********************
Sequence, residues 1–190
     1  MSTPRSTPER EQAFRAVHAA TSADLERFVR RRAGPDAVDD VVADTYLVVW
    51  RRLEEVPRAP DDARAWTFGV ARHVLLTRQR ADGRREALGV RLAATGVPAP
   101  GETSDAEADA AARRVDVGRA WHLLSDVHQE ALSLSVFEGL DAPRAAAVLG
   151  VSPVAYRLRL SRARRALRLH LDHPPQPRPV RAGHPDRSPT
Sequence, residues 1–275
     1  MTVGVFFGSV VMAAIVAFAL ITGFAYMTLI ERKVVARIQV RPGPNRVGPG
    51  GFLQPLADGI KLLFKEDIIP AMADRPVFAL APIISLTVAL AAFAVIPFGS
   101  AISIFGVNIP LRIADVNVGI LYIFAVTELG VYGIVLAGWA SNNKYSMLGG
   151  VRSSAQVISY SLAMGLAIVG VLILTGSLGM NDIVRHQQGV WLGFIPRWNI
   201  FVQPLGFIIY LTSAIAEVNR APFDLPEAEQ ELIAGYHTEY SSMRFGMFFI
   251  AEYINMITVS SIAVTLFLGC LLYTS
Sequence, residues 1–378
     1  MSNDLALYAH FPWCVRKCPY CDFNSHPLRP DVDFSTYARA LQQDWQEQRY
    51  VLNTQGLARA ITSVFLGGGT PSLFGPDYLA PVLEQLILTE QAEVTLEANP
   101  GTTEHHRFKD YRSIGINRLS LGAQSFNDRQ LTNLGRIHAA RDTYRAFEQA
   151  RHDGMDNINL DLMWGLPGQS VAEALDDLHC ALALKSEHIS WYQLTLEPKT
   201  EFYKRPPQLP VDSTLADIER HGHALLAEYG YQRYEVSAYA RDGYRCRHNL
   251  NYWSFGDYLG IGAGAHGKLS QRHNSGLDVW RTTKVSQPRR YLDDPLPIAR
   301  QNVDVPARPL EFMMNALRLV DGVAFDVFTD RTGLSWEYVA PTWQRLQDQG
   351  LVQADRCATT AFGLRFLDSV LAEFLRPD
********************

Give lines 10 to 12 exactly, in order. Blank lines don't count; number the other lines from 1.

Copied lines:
   151  VRSSAQVISY SLAMGLAIVG VLILTGSLGM NDIVRHQQGV WLGFIPRWNI
   201  FVQPLGFIIY LTSAIAEVNR APFDLPEAEQ ELIAGYHTEY SSMRFGMFFI
   251  AEYINMITVS SIAVTLFLGC LLYTS